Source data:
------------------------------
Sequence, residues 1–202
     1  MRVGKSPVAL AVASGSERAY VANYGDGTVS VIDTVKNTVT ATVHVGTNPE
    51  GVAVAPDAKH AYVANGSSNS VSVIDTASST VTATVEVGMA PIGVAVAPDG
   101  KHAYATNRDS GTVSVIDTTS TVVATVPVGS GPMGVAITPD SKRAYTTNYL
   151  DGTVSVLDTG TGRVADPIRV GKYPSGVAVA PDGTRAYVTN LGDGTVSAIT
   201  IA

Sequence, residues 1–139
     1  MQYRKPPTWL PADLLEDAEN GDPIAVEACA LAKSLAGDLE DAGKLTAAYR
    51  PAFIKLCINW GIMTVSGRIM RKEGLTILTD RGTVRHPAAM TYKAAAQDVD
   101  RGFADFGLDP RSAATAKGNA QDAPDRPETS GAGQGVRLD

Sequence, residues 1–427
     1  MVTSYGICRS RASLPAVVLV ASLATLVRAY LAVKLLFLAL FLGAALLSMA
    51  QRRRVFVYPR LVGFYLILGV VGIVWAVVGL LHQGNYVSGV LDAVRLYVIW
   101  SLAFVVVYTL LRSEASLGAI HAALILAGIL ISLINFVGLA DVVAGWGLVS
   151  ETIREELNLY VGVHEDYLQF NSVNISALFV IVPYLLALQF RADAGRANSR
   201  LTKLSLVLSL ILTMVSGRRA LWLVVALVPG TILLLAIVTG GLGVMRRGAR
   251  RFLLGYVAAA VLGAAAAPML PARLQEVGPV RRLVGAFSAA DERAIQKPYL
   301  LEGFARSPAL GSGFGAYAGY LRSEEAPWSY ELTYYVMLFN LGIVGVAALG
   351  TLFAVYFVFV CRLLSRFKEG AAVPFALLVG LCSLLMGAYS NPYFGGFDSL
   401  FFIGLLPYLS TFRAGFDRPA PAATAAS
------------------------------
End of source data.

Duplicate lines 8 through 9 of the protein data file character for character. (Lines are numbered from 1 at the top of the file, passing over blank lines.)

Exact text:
     1  MQYRKPPTWL PADLLEDAEN GDPIAVEACA LAKSLAGDLE DAGKLTAAYR
    51  PAFIKLCINW GIMTVSGRIM RKEGLTILTD RGTVRHPAAM TYKAAAQDVD